A new season in the British Basketball League dawns tonight with not one, but two reasons for interest in Yorkshire to be piqued.
Established club Sheffield Sharks tip-off their 21st season in the BBL against Durham Wildcats at the English Institute of Sport. For more than two decades the Sharks have been the standard bearers for a sport beloved on the other side of the Atlantic, but still to be embraced widely on these shores.
They have support this year – or rivalry whichever way you look at it – in the shape of expansion team Leeds Force, who are one of two new franchises added to the 13-strong BBL.
Eight years after being established in co-ordination with the basketball programme at Leeds Metropolitan University, they have been elevated to the elite tier on the strength of their senior, women’s, community and junior programmes.
A remit to grow the sport, one which has echoes in that employed in Sheffield, helped convince British Basketball to welcome Leeds to the top table.
The Force’s first game is, coincidentally, against the Wildcats in Durham on Sunday.
Their historic first home game pits them against Glasgow Rocks next Friday night (7.30pm) at the sports arena at Leeds Beckett University. They have severed their ties with the university because of the step up to professionalism, but they remain on campus with full use of the facilities.
The key to success for Leeds Force is in how successful they are in growing the sport in the area, and swelling an average attendance of 300 achieved as they rose through the national leagues.
“The aim is to attract converts to the sport,” said Matt Newby, Leeds Force’s director of basketball, who has been with the programme since the outset and has been the driving force of their elevation.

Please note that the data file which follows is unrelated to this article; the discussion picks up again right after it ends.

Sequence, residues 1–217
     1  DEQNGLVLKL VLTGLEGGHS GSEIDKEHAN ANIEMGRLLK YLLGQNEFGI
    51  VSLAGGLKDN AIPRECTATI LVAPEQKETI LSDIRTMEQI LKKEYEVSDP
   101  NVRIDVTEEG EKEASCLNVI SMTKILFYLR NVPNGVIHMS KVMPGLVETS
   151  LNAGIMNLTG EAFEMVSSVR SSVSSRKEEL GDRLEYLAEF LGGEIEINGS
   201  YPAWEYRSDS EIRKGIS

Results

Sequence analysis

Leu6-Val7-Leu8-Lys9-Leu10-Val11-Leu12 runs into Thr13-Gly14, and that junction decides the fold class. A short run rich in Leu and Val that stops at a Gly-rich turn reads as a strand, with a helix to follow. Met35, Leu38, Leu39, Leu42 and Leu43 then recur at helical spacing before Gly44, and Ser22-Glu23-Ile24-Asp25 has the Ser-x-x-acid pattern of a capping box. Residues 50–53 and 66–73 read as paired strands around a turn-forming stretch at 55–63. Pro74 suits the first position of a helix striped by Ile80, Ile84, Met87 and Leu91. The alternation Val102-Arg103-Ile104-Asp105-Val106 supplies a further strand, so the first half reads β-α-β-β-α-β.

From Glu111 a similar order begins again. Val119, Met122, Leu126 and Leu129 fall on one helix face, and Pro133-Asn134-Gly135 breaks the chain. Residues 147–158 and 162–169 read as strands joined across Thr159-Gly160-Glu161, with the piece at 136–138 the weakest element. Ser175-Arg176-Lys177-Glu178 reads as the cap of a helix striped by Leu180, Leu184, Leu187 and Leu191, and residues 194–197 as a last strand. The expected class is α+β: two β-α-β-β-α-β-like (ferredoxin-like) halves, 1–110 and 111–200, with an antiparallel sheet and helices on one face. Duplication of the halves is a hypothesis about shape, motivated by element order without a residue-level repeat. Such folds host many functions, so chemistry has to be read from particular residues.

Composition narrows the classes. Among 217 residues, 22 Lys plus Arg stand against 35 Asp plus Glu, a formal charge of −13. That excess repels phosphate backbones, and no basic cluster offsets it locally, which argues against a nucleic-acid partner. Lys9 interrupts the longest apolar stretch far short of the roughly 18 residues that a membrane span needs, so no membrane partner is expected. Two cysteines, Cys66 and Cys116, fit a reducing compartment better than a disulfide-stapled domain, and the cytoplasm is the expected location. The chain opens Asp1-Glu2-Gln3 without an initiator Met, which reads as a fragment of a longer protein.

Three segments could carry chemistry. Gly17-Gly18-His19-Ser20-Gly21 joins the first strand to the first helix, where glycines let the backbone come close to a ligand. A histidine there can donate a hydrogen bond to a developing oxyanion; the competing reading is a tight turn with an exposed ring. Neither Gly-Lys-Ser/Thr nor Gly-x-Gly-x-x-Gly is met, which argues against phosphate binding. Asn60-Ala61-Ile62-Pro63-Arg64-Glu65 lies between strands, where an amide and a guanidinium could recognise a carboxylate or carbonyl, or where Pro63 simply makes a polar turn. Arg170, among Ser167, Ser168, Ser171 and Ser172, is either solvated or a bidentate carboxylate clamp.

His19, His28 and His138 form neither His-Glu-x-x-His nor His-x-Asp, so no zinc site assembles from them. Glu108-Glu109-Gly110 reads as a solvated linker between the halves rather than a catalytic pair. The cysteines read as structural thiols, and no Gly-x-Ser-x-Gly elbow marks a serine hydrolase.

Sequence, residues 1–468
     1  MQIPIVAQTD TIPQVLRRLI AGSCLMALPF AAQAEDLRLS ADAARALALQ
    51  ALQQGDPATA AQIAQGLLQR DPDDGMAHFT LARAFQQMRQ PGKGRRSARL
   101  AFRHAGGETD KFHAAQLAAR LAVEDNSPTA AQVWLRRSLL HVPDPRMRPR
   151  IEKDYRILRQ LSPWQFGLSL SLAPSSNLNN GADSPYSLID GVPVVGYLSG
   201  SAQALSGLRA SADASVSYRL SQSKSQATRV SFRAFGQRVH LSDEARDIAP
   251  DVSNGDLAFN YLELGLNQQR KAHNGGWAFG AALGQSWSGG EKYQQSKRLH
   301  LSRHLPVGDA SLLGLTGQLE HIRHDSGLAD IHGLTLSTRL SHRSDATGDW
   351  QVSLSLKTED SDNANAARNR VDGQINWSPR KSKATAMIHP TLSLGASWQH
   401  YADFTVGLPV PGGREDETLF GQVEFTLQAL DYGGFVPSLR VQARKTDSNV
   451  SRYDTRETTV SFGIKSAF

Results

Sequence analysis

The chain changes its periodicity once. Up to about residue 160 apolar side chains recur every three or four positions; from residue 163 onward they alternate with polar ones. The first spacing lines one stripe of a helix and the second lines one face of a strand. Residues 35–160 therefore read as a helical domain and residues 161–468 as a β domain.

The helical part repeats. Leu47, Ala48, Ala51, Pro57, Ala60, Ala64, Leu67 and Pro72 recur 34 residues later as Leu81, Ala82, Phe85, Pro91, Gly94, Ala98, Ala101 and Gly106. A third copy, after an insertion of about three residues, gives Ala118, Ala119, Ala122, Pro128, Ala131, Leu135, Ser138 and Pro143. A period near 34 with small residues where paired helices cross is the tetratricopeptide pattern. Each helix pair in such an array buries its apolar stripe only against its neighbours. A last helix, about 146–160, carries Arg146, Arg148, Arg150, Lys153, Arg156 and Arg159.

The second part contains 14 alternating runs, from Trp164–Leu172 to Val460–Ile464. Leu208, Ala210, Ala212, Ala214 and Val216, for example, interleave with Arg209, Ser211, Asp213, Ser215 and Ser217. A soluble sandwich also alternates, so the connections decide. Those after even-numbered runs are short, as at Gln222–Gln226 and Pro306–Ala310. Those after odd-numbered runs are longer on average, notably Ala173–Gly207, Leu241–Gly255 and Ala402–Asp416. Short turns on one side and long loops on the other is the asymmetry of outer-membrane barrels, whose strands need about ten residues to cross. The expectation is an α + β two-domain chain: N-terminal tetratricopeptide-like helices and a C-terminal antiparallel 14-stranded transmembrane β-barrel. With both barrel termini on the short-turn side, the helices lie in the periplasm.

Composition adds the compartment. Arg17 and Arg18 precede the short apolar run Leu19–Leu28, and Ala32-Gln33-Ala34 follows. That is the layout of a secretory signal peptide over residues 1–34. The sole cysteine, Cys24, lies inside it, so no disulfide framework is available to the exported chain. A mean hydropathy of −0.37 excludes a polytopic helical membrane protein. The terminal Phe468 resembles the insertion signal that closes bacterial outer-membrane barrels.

“At times during the season we’ll see new faces come through the door, and it’s our job as a club to entertain them and give them a reason to come back.
“Basketball is a short, exciting game, there’s points being scored and a chance to cheer every 30 seconds. The pace of the game lends itself to a spectator sport.
“As much as being successful on the court, it’s also our job to educate the uneducated.”
On the court, Newby has recruited heavily from overseas as most teams have to, but there are a number of homegrown players on the Leeds roster who have progressed through the programme. Their ambition in their first season is merely to be competitive, with a place in the top eight and the end-of-season play-offs the target should they prove adept at the first challenge.
Down in Sheffield, Sharks coach Atiba Lyons says the minimum he expects is a top-four finish from a team that came second last year and lost in the semi-finals of the three knockout competitions.
The Sharks have also introduced a second team into the English National League this season ‘to identify and develop players’ as the concerted effort to grow the sport across the county continues.